Our results indicate that high levels of work-family conflict are indirectly associated with higher anxiety symptoms, with an increase in emotional exhaustion operating as the mediator. These findings enrich the knowledge on mediating mechanisms, explaining associations between work-family conflict and anxiety symptoms among female medical staff. A previous study also found that emotional exhaustion has significant mediating effects in the link between job stress and anxiety [50]. In line with the J-DR model, emotional exhaustion mediated the relationship between work-family conflict and anxiety symptoms. When an individual experiences work overload for long periods of time, they find they cannot fulfill their familial responsibilities. In the long term, this may drain their personal resources, including emotional and mental energy, resulting in mental health problems (e.g., anxiety) during the depletion process.

Drawing on the J-DR model, a model in which the indirect effect of work-family conflict on anxiety symptoms via emotional exhaustion is moderated by social support is proposed. The results of this study support this model and highlight the buffering role of social support in influencing anxiety symptoms through emotional exhaustion among female medical staff. Previous research also supports the moderating effects of social support on work-family conflict and burnout [28]. Moreover, Santa et al. (2018) reported that the indirect effect of job demand on anxiety can be moderated by social support [34]. Based on the J-DR model, job resources (e.g., social support) can buffer the effect of job demands (e.g., work-family conflict) on anxiety symptoms via emotional exhaustion. This is because the buffering effect of social support can change individuals’ perceptions and cognitions evoked by stressors, and moderate people’ appraisal process to stressful events and/or reduce the impact of stressors on health outcomes.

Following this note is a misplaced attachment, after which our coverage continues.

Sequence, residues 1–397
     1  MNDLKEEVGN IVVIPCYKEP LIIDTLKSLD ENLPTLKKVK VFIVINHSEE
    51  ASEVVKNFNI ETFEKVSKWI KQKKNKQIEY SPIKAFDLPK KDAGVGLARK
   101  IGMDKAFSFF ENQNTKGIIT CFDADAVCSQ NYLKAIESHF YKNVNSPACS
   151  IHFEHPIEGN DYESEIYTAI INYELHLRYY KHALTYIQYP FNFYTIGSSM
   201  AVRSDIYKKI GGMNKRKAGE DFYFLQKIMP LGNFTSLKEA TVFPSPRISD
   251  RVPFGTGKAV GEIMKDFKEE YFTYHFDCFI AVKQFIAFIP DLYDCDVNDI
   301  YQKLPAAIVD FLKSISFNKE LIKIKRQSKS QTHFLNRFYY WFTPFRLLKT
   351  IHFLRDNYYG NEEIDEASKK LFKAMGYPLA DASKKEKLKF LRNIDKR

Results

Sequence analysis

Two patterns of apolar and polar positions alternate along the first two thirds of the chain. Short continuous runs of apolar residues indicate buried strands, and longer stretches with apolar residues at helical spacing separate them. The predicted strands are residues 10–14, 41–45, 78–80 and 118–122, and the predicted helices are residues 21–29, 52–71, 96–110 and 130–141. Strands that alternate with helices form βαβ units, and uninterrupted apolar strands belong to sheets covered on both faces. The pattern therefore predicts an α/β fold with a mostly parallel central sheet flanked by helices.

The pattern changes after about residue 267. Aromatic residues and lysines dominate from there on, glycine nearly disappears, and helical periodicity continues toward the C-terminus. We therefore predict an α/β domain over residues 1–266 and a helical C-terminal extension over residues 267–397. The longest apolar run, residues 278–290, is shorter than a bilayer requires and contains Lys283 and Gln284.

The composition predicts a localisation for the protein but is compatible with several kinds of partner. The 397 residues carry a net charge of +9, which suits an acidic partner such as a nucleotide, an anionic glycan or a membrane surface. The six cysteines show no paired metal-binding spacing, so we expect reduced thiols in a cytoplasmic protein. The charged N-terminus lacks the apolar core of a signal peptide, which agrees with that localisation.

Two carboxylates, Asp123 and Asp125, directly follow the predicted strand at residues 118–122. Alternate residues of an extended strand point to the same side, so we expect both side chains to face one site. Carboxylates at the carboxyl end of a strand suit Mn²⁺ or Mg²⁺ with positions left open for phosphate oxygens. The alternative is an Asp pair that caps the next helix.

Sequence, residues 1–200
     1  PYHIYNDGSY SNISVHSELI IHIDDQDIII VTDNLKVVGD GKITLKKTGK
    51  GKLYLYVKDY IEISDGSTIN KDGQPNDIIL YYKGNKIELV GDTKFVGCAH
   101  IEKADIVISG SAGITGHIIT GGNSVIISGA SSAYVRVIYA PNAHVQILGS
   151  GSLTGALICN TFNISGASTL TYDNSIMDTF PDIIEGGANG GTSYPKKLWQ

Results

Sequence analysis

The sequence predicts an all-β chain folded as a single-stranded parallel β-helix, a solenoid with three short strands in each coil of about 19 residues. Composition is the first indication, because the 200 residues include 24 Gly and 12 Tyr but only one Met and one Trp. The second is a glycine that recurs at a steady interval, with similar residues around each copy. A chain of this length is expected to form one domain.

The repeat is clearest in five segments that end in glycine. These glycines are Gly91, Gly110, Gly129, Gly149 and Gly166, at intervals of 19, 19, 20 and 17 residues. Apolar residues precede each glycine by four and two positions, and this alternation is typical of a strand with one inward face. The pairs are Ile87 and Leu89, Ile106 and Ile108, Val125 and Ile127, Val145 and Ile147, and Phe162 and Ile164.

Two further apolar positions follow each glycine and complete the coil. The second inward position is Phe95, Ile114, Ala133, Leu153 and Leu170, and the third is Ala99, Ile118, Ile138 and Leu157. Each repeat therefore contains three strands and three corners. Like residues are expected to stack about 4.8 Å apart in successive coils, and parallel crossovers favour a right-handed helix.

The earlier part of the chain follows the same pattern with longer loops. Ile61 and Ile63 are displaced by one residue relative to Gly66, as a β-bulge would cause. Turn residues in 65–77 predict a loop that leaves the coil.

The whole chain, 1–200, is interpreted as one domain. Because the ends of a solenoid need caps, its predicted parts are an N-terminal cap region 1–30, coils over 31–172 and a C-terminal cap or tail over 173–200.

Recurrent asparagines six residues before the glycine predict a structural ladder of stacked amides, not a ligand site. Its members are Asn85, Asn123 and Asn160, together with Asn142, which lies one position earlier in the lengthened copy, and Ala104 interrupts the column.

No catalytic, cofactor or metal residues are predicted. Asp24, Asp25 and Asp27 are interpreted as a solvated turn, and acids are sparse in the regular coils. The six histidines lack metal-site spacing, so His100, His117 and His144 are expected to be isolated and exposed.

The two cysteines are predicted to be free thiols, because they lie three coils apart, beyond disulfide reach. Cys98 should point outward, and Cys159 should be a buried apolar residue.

Practical implications

Since emotional exhaustion can mediate the effect of work-family conflict on anxiety symptoms, a wide range of action for decreasing emotional exhaustion should be adopted by organizations and individuals.

From an organizational perspective, reducing job demands can be regarded as a vital step to reducing emotional exhaustion and fostering a more positive work-place environment based on J-DR theory [18]. As job demands is associated with burnout (emotional exhaustion), the creation of optimal job demands can be the key to mitigating emotional exhaustion. Hospitals should recruit sufficient human resources to enable each employee to avoid suffering an overly demanding workload and exceedingly high levels of work pressure. Therefore, a supportive organizational climate could help promote well-being while simultaneously reducing emotional exhaustion. From an individual’s perspective, certain personality traits can be beneficial, such as emotional stability, conscientiousness, and agreeableness, which can help employees perceive their work environments favorable despite of the challenging nature of their jobs [18]. Related training modules can be designed to teach employees how to improve individuals’ personality. Additionally, other individual-level interventions are effective, such as job crafting training, strengths use training, and recovery training [18]. Individuals can adopt these measures to learn how to proactively change their work environment to avoid experiencing emotional exhaustion by setting personal goals, using their strengths for their career, and using relaxation or mindfulness techniques [2].